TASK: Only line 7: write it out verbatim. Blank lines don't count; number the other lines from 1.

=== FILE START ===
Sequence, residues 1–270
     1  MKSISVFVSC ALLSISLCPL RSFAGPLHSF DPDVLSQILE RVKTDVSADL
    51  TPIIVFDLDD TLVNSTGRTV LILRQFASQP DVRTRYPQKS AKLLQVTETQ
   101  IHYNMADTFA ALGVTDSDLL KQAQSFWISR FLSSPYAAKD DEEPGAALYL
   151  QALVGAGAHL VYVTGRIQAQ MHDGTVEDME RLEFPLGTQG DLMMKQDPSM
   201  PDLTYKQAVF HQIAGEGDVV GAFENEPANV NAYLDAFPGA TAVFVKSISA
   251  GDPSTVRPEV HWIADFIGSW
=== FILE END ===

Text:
   251  GDPSTVRPEV HWIADFIGSW